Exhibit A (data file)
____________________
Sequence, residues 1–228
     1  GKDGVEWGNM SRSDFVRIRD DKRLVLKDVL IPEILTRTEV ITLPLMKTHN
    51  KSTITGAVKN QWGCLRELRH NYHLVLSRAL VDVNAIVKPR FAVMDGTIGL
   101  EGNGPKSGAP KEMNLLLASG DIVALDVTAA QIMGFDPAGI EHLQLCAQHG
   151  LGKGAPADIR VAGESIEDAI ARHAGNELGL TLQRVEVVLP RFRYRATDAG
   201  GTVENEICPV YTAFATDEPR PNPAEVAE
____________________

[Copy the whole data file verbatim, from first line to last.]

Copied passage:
Sequence, residues 1–228
     1  GKDGVEWGNM SRSDFVRIRD DKRLVLKDVL IPEILTRTEV ITLPLMKTHN
    51  KSTITGAVKN QWGCLRELRH NYHLVLSRAL VDVNAIVKPR FAVMDGTIGL
   101  EGNGPKSGAP KEMNLLLASG DIVALDVTAA QIMGFDPAGI EHLQLCAQHG
   151  LGKGAPADIR VAGESIEDAI ARHAGNELGL TLQRVEVVLP RFRYRATDAG
   201  GTVENEICPV YTAFATDEPR PNPAEVAE